Pay Attention When Installing

I install a lot of other tools to augment my everyday computer use. I install programs that allow me to move files to other computers (i.e. Filezilla), or programs for simple file edit that are more powerful than Notepad (i.e. Notepad++), etc. Pay close attention to each screen that comes up during installation, sometimes you need to uncheck a checkbox or deny an installation request because its going to install something you don’t need (like those pesky browser toolbars, ex: the infamous “Ask” toolbar). Granted Filezilla and Notepad++ are not notorious for installing that extra crap but if you download anything from the Internet 1) make sure its from a reputable source and 2) always do a custom install (if the option is available) and always double check what you are installing, don’t blindly click “Next”. There are a lot of programs out there that are great tools but they like to sneak in extra products because they can earn royalties from each installation so a little caution goes a lot way.

Paying attention to what you download and/or install is especially important if you use a lot of peer-to-peer software. You just never know what you are actually putting on your computer when you are using torrents. Granted if you are using a virus scanner or programs that remove spyware (such as SpyBot Search & Destroy) might prevent damage to your computer from something you downloaded but nothing is 100%. I’m not saying all torrents are bad just be careful and use some common sense.

Stop Looking At Porn

I’m sure I am getting some shocking looks right now. I’m also guessing a few of my male friends are rolling their eyes and mocking me from afar but hear me out. I am not trying to be your moral compass. I’m not your mother, I’m not your priest, this has nothing to do with morality.

Some of you may remember “warez”, websites that allowed you to download cracked software or product keys to pirate software. Warez sites were the underworld of the Internet and porn sites were often associated with many warez sites thus making porn sites seem more sketchy. Honestly, I don’t trust porn sites; harmful code can be embedded in pictures, videos, etc and can even be triggered by simply moving your mouse over it. You run a huge risk by downloading pictures and videos or any other programs and “games” those sites may offer. Remember a virus was spread by alleged nude pictures of Anna Kournikova. Hackers out there with malicious intents not only know they can exploit weaknesses of a system but also can exploit a persons lack of self-control. I’m sure there are probably some “reputable” adult websites and those might be safe, but if you are trying to be clandestine or access “free porn”, I think you are putting your computer, and maybe even your identity, at risk.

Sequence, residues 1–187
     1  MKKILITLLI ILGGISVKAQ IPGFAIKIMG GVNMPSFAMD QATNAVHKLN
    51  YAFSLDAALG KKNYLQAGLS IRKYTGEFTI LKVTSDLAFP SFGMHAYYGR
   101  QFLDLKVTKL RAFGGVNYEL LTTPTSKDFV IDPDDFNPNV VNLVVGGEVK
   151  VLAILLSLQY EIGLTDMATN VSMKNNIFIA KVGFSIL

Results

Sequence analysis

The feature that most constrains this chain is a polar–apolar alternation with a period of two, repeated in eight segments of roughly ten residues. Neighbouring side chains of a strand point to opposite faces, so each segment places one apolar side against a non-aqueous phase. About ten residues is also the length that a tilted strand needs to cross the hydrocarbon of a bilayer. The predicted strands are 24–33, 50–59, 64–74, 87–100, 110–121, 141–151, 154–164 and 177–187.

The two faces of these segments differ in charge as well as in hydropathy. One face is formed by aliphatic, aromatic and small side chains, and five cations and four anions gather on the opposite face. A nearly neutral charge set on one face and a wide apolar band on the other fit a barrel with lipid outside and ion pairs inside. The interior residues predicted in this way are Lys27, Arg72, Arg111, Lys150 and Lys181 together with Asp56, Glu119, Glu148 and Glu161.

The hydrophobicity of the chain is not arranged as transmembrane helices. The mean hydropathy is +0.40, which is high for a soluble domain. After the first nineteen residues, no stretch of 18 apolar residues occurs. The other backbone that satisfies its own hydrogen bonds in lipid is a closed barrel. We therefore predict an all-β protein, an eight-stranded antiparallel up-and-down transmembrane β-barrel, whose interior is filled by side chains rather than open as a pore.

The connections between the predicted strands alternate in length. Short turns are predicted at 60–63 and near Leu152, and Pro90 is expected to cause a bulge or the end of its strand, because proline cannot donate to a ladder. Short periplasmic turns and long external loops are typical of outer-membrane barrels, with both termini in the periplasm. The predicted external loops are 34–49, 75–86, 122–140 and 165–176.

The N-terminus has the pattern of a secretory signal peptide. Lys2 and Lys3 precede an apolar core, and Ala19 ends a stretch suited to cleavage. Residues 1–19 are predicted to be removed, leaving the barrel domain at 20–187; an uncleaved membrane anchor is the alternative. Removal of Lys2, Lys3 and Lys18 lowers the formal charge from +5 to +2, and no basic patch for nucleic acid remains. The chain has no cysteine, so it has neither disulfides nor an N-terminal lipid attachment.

I love the analogy of comparing a computer to a car because 90% of the time maintaining a computer is very similar to a car. Of course the irony is that I could build a computer in my sleep but I can’t change the oil on my car. Be that as it may, treat your computer like its a brand new car. You want to keep it looking nice and performing efficiently. Obviously bad things can still happen despite your due diligence but as long as you pay attention and always be aware of what you are downloading, you can mitigate most PC performance issues.

minion_keboard_smI could get so much more accomplished if I only had minions!

Tech Talk: Apple Event

minion-appleThe Apple uber-fanboys waited with bated breath for September 9th. Everyone knew that Apple would be unveiling their next model of iPhone and I think everyone pretty much knew that the Apple TV was finally getting a long overdue upgrade. I know rumors were floating around about the iPad Pro, but I don’t recall if they were ever concrete enough to know, for certain, that Apple would be unveiling it.

I pseudo-watched the live event; by that I mean I watched the CNET live broadcast. Brian Tong and his crew are very entertaining to watch during these big events, especially when Brian is in full nerdgasm mode, which he was during this event.

The Apple Event talked about the Apple Watch, Apple TV, iPad Pro (with Smart Keyboard), Apple Pencil and, of course, the iPhone 6S/6S Plus. There was quite a bit of information disseminated; some of it good, some of it kind of blah. I talk more about each of these after the break.